The Tram Arrives...

Sunday 07 March 2004
reading time: min, words

In September 1936, Nottingham's last tram made it's final journey to Arnold. Now 70 years on they return...

In September 1936, Nottingham's last tram made it's final journey to Arnold as the out-of-fashion trams lost the battle for supremacy to the modern diesel bus.

Soon, however, they return to save the city from traffic congestion and the noxious fumes it brings and from threatening
Nottingham's march towards being undisputed megalopolis of the East Midlands.

With the double whammy solution of "no local pollution" and "affordable mass transit system" injecting new life back into the hibernating idea, our public transport system has followed the likes of
Sheffield, Liverpool and Manchester in re-embracing trams.

As you would expect from such a thoroughly futuristic solution to our great economic power house's traffic trouble, the new vehicles employ all the cutting edge technology. For example, the edge of the wheels will be cut off every so often to keep them running smoothly and preventing the tram from becoming bumpy and noisy. The tram also carries sand with it that it can drop onto the tracks for extra grip (OK, so the old trams had this too, but today it's automatic).


The imaginatively named "Line 1" has had trams running through the city centre since last September. According to the original plan, they should have been running since November the 11th, but a few hiccups (and coughs and splutters) along the way have delayed the opening.

One of the setbacks in the tram's progress was a couple of derailments. The first involved a tram splitting its points and sliding sideways into a pole, and led to a redesigning of the plates the points slide on. The specialist staff needed were few and far between, and waiting for them to be available to come and work led to some delays.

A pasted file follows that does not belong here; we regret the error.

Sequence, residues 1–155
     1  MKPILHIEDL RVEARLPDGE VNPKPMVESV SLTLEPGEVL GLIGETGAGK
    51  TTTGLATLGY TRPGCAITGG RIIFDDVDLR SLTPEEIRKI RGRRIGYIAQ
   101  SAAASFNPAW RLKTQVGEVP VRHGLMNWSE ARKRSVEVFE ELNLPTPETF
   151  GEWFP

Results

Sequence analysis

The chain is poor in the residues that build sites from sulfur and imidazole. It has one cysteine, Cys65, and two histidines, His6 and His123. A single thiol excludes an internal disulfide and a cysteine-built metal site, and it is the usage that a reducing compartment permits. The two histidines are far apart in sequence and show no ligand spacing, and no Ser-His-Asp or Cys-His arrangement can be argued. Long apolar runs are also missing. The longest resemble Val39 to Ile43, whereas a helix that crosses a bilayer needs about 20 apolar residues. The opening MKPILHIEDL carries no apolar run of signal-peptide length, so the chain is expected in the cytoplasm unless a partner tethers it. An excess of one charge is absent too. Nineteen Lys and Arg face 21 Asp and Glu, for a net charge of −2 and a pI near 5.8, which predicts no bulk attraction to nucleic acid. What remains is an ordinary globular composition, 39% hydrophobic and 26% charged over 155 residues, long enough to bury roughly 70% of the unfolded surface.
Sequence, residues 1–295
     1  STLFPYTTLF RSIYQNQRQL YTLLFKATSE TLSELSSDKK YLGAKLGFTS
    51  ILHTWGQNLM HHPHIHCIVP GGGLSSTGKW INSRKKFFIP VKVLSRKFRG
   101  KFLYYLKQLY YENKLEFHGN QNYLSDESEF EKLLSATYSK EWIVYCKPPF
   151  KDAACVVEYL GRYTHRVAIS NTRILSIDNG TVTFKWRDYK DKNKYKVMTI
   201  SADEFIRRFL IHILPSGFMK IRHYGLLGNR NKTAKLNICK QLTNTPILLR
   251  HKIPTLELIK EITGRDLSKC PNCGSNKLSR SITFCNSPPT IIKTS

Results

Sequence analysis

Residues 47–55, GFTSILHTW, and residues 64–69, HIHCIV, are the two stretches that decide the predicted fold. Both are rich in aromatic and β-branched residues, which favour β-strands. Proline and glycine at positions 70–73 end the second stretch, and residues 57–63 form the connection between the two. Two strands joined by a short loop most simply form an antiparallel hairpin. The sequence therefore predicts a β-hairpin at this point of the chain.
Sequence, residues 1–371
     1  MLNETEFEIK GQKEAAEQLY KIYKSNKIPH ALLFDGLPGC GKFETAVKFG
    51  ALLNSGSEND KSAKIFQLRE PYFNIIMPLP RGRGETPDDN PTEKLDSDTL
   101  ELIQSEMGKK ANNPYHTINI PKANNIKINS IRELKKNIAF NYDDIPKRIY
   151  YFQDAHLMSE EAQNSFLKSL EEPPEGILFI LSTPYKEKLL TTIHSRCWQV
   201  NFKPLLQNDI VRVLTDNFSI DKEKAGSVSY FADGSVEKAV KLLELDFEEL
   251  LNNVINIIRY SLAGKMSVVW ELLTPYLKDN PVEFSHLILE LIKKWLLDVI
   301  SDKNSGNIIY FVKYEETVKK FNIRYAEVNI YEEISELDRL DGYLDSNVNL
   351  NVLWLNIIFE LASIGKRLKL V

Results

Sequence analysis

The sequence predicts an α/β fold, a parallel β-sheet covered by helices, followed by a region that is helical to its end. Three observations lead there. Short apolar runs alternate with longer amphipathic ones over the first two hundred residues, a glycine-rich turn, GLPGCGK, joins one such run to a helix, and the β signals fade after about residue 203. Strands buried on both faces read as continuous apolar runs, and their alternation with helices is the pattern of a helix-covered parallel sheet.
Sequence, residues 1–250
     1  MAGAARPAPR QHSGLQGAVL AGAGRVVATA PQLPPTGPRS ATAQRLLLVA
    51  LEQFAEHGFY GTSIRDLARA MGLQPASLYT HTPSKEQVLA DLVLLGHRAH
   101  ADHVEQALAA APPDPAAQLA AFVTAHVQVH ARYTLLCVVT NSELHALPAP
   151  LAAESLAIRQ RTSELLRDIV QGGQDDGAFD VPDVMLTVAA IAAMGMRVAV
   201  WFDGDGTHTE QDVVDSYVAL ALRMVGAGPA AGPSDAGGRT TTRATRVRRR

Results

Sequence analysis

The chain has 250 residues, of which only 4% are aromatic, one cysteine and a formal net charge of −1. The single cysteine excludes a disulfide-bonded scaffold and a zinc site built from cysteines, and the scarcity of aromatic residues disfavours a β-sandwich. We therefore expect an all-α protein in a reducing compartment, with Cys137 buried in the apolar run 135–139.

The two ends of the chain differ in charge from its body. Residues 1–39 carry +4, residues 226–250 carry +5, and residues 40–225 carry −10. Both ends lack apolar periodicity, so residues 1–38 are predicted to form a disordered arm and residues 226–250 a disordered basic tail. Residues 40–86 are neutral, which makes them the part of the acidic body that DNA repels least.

As Colin Lea of NET says "it's a bit like waiting for a plumber to come to your home". The second derailment was a more minor affair, requiring the tram to be simply lifted back onto the tracks. Apparently minor derailments are an unavoidable (if infrequent) part of running a tram system, and NET has recovery vehicles to go and jack the trams back onto their tracks.

Nottingham Express Transit are confident that, as the trams go in for their 15,000 mile service, the finishing touches are in place and her majesty's Railway Inspectorate and the Highways Authority should issue a safety certificate allowing the trams to carry the public within the next couple of months. A few people have even been granted special permission to travel on the tram in advance, including our illustrious mayor and Santa Clause.


According to Allen's Illustrated Guide to Nottingham the tram cost 1p in 1888. Today (well, tomorrow really) a day ticket on the tram will cost you £2 and for an extra 20p you'll be able to ride the buses also. Conductors will wander up and down the 33 metres of tram selling tickets or checking your EasyRider smart card.


Every night the 15 trams will be stationed in the Wilkinson Street Depot, and each morning they'll pass through the tram equivalent of a car wash, ensuring that they look spotless on the outside. But to make sure the trams remain a shining example of Nottingham's international image, remember to keep your feet off the seats.

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